Why mention this here?

Because, in many respects, “evacuation in the face of weather threats” is “stampede” by another name. The 2005 evacuation of Houston under threat of Hurricane Rita and the mobilization of Oklahomans in the face of the El Reno tornado come to mind. In the case of Hurricane Rita, we’re told that in chaotic road conditions some 100 people (many probably with pre-existing health conditions) died from the traffic gridlock and excessive heat prior to hurricane landfall, including 23 elderly who were killed when the bus that had been evacuating them from their nursing home caught fire. The El Reno tornado event saw thousands of people leaving their homes and took to the roads in an ill-advised effort to avoid harm. Some estimates suggest that hundreds of lives might have been lost had the tornado maintained its form and transited the clogged freeways.

If meteorologists have a sacred responsibility for the protection of lives and property, then we have a similar responsibility for encouraging leaders and the public at local, state, and national levels to do everything in their power to reduce the need for evacuation in the face of weather hazards, versus merely to attempt to manage evacuations of ever-increasing scale and complexity. In evacuations of hundreds or even thousands, deaths will be rare. But in emergency responses mobilizing hundreds of thousands or millions, fatalities are inevitable. We need to be strong advocates for better land use and building codes, and increased priority to uninterruptible critical infrastructure.

Our colleagues the dentists know this. Their offices feature happy-tooth signs over the caption “you don’t have to floss all your teeth; just the ones you want to keep.” We need to say something similar: “you don’t have to evacuate all your homes; just the ones you don’t build to code and situate on the floodplain.”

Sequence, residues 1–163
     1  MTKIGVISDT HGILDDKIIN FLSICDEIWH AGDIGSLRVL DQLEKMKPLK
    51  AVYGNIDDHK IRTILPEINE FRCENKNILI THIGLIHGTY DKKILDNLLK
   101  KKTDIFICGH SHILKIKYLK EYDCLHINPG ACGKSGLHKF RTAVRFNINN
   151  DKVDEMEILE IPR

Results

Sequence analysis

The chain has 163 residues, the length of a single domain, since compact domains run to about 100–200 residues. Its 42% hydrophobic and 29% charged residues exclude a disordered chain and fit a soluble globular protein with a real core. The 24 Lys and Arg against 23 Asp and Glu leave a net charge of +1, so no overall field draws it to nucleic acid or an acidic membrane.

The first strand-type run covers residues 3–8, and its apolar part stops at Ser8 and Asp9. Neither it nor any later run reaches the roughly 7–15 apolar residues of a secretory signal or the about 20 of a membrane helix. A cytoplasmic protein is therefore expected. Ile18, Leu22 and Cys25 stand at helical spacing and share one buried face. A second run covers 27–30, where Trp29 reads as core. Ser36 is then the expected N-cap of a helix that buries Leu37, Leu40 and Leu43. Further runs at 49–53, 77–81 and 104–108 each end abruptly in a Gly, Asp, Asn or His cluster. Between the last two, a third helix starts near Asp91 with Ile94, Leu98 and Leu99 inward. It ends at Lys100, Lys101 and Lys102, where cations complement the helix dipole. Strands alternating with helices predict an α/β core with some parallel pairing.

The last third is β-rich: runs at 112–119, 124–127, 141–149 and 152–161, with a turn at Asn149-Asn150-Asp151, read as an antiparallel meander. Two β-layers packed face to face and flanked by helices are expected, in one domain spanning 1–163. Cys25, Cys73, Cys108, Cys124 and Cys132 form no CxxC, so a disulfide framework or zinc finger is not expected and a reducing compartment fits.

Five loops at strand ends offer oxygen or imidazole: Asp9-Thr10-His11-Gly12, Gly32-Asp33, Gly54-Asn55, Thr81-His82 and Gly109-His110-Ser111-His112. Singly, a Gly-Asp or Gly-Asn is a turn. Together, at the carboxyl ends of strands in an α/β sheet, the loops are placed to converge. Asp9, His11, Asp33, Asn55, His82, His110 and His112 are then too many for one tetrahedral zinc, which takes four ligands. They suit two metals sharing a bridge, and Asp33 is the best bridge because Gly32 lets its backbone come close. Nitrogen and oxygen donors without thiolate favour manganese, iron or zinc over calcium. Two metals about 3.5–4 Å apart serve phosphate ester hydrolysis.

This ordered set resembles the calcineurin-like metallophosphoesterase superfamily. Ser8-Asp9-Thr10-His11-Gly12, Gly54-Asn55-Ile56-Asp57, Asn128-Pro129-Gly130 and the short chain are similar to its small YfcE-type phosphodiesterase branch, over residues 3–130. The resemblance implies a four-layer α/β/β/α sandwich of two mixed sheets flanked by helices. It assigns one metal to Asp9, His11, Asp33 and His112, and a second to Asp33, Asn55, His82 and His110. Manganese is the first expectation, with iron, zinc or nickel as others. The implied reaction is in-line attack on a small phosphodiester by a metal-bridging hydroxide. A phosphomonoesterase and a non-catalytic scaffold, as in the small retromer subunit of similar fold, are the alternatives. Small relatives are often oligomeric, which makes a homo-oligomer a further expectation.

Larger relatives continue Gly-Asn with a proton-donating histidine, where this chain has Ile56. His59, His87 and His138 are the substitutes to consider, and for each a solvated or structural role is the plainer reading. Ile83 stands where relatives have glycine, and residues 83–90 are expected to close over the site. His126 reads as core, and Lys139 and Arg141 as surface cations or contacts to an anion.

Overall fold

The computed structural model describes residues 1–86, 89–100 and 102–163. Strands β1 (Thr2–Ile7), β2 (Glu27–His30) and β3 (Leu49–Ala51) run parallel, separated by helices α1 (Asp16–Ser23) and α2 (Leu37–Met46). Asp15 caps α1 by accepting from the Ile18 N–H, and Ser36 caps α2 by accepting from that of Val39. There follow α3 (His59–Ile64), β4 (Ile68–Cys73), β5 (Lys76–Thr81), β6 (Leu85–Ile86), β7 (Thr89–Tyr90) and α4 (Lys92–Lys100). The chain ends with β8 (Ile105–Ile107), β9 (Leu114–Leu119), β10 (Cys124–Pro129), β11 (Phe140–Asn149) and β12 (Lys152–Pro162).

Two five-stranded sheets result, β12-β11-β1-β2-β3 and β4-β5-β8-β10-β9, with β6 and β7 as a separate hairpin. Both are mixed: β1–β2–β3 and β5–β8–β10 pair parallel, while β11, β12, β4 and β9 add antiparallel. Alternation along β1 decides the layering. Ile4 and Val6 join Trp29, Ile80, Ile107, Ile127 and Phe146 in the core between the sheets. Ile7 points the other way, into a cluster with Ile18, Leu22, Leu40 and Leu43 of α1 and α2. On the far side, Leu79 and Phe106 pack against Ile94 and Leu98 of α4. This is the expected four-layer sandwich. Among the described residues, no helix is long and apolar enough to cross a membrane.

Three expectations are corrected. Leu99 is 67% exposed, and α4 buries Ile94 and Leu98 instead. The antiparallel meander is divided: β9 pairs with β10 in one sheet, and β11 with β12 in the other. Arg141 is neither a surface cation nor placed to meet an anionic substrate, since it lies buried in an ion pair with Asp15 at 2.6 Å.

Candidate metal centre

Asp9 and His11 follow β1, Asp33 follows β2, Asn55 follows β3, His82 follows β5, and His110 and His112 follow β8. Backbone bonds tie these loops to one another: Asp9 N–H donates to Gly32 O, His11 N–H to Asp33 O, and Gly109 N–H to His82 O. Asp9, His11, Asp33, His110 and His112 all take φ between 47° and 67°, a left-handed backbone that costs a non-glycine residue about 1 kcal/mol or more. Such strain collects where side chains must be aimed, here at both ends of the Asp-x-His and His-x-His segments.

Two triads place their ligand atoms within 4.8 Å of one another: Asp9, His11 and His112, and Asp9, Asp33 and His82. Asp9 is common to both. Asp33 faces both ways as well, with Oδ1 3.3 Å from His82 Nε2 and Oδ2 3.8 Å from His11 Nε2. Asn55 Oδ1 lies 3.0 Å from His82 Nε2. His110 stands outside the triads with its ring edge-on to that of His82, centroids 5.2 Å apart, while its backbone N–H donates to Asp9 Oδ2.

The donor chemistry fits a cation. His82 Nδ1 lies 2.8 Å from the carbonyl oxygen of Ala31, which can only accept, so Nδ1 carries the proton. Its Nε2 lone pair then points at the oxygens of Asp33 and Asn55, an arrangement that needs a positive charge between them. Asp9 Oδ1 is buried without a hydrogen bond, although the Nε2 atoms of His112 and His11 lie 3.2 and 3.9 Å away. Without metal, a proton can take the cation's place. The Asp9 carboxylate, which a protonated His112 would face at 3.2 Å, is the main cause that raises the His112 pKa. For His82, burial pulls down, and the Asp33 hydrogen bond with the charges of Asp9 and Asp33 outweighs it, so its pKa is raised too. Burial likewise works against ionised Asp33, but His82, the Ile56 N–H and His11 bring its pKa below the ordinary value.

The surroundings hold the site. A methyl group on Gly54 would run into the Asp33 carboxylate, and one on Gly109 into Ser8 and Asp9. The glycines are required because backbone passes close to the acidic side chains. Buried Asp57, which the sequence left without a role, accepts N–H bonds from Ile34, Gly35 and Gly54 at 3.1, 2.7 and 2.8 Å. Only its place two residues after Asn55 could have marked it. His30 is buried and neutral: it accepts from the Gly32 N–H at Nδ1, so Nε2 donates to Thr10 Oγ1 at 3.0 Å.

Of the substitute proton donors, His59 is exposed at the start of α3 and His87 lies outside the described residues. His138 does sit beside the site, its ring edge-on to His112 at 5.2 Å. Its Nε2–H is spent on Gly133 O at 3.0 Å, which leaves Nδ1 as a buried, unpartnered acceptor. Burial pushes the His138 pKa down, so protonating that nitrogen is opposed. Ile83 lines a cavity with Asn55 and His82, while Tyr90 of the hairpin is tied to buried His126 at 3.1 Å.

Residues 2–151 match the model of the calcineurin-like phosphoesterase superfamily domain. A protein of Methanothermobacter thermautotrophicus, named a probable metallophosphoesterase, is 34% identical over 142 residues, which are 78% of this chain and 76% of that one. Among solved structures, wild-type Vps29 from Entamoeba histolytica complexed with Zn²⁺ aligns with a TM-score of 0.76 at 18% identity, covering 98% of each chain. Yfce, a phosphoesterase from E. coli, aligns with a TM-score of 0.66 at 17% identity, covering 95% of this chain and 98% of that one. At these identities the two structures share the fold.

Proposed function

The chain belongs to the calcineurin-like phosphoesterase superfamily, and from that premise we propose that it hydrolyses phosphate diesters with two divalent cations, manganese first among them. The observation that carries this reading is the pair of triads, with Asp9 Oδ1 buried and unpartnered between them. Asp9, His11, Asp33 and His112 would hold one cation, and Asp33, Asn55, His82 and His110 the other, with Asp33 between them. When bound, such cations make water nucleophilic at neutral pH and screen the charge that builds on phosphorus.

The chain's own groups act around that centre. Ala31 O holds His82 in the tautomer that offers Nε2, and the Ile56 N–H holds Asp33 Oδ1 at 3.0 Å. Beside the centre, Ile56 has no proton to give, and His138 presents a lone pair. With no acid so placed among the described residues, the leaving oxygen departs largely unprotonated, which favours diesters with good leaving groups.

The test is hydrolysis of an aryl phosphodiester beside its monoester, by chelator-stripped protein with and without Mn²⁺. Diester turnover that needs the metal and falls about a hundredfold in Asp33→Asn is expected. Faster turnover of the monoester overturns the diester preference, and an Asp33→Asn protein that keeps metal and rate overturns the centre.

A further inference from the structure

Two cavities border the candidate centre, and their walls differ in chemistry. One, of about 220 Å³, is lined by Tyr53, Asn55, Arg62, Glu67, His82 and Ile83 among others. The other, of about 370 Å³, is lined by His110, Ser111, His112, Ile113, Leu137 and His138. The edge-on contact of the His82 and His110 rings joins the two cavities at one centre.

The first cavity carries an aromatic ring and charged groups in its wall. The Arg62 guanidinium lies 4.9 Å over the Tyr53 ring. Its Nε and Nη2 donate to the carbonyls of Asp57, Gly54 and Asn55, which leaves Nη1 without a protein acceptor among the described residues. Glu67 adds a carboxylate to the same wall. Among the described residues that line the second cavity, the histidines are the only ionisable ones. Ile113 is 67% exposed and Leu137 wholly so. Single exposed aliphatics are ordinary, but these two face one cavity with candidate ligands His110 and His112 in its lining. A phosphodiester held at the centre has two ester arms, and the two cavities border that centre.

NOAA’s Weather-Ready-Nation initiative and similar programs offer many opportunities to proclaim such a message and build upon it.

In closing, perhaps it’s worthwhile to return to the idea of the sacred value of the individual. I don’t know each and every person who clicks on this blog, or bothers to read each post through. But I do know some of you. And every single one of you already sees your work as a calling, already sees your family, and those who follow your research or use your forecasts or sit in your classes or discuss these matters with you across the backyard fence as persons of inestimable value. And they in turn see you as performing a role not dissimilar to that of the pope. You’re not necessarily in front of an audience of millions, but those who know you and watch you in action come away inspired a bit and thinking the world is a better place because of you. Give yourself the grace to see that noble element that others see in you. Nurture it. Allow it to grow.

Good job! Keep it up!

More on the sacred work of meteorologists soon.

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[1] Quote Investigator tells us this is really an old Danish proverb. Yogi was Danish? Who knew?

[2] The great psychologist of risk, Paul Slovic, quotes Mother Teresa and adds this: “If I look at the mass I will never act. If I look at the one, I will.” This statement, uttered by Mother Teresa captures a powerful and deeply unsettling insight into human nature: Most people are caring and will exert great effort to reserve “the one” whose needy plight comes to their attention. But these same people often become numbly indifferent to the plight of “the one” who is one of many in a much greater problem.” The fuller article available by via the link is worth the read in its entirety. This same idea has been succinctly captured in a quote widely attributed (but again possibly falsely) to Joseph Stalin: A single death is a tragedy; a million deaths is a statistic.”